United States District Court, N.D. Ohio, Eastern Division
Tim Marlowe, on his own behalf and for all others similarly situated, Plaintiff,
The Nature's Bounty Co., et al., Defendant.
MEMORANDUM OF OPINION AND ORDER
PATRICIA A. GAUGHAN United States District Judge.
matter is before the Court upon Defendants' Motion to
Dismiss the First Amended Complaint (Doc. 11). This is a
putative class action involving the consumer sale of vitamins
and supplements. Plaintiff, Timothy Marlowe, on behalf of
himself and other similarly situated individuals, brings this
class action lawsuit against Defendants, The Nature's
Bounty Co. and Alphabet Holding Company, Inc., alleging that
the labels on bottles of Defendants' vitamins and
supplements misleadingly stated that the bottles contained
“free” tablets when they did not. For the reasons
that follow, Defendants' motion is GRANTED.
purpose of ruling on Defendants' motion, the facts in the
First Amended Class Action Complaint are presumed true.
April and June of 2016, Plaintiff purchased a bottle of
Nature's Bounty Biotin Ultra Strength, 10000mg softgels,
at a CVS store located in Painesville, Ohio. The bottle that
he purchased stated that it contained “100% more
free” tablets. The label also stated that the bottle
contained “60 120
softgels.” Plaintiff alleges that Defendants'
bottles of Nature's Bounty Biotin Ultra Strength, 10000
mg softgels have contained the same quantity of tablets since
at least 2013. He alleges that at least two of
Defendants' other products, Melatonin 1mg and Glucosamine
Chondroitin Complex, contained similar “more
free” labels where the quantity of tablets in the
bottles had remained constant since 2013. According to
Plaintiff, Defendants never changed the quantity of the
products during the class period in a manner that would cause
the “more free” labels to accurately reflect the
pricing of the more-free products. Instead, the quantity of
tablets packaged and sold by the Defendants remained constant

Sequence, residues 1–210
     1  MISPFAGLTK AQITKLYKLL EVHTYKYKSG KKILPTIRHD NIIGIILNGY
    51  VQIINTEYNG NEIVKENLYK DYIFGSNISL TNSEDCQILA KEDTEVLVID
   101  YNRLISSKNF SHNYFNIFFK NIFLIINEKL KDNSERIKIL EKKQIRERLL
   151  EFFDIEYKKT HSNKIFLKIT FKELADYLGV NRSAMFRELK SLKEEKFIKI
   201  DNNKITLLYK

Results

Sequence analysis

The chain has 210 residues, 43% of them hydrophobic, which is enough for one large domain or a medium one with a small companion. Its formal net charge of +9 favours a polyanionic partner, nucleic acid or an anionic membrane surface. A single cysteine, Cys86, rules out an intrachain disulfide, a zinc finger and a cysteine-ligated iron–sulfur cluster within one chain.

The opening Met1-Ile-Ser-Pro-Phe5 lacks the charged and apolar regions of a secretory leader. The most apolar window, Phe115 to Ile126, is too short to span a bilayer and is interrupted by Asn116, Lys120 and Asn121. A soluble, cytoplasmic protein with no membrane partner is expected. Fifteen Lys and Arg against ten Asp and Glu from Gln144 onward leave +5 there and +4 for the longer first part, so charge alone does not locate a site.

throughout the period, so no consumer, during the class
period, received “more free” product as
advertised on the bottle.
seeks to bring this case as a class action on behalf of
“[a]ny Ohio resident who, during the six-year period
immediately prior to the filing of this lawsuit and
thereafter, purchased any of the Defendants' products in
Ohio marked on the bottle as a ‘more free' product
(e.g. ‘50 more free tables'; ‘100% more
free') where the product had not been sold at a similar
price without that additional ‘more free' product
for at least 28 of the 90 days preceding the class
January 12, 2017, Plaintiff filed a complaint in the Court of
Common Pleas for Lake County, Ohio. Defendants timely removed
the case to this Court. Thereafter, Plaintiff filed an
amended complaint containing three claims for relief:
violation of the Ohio Consumer Sales Practices Act
(“OCSPA”), Ohio Rev. Code § 1345, et seq.;
unjust enrichment; and fraud. Defendants move to dismiss the
First Amended Complaint and Plaintiff opposes the motion.
considering a motion to dismiss under Rule 12(b)(6), the
allegations of the complaint must be taken as true and
construed liberally in favor of the plaintiff. Lawrence
v. Chancery Court of Tenn., 188 F.3d 687, 691 (6th Cir.
1999). Notice pleading requires only that the defendant be
given “fair notice of what the plaintiff's claim is
and the grounds upon which it rests.” Conley,
355 U.S. at 47. However, the complaint must set forth
“more than the bare assertion of legal
conclusions.” Allard v. Weitzman (In Re
DeLorean Motor Co.), 991 F.2d 1236, 1240 (6th Cir.
1993). Legal conclusions and unwarranted factual inferences
are not accepted as true, nor are mere conclusions afforded
liberal Rule 12(b)(6) review. Hensley Mfg. v. ProPride,
Inc., 579 F.3d 603, 609 (6th Cir. 2009). Dismissal is
proper if the complaint lacks an allegation regarding a
required element necessary to obtain relief. Craighead v.
E.F. Hutton & Co., 899 F.2d 485, 489-490 (6th Cir.
addition, a claimant must provide “enough facts to
state a claim to relief that is plausible on its face.”
Bell Atlantic Corp. v. Twombly, 550 U.S. 544, 569
(2007). A pleading that offers “labels and
conclusions” or “a formulaic recitation of the
elements of a cause of action will not do.”
Ashcroft v. Iqbal, 129 S.Ct. 1937, 1955 (2009). Nor
does a complaint suffice if it tenders “naked
assertion[s]” devoid of “further factual
A claim has facial plausibility when the plaintiff pleads
factual content that allows the court to draw the reasonable
inference that the defendant is liable for the misconduct
alleged. The plausibility standard is not akin to a
“probability requirement, ” but it asks for more
than a sheer possibility that a defendant has acted
unlawfully. Where a complaint pleads facts that are
“merely consistent with” a defendant's
liability, it stops short of the line between possibility and
plausibility of “entitlement to relief.”
Id. at 1949 (citations and quotations ...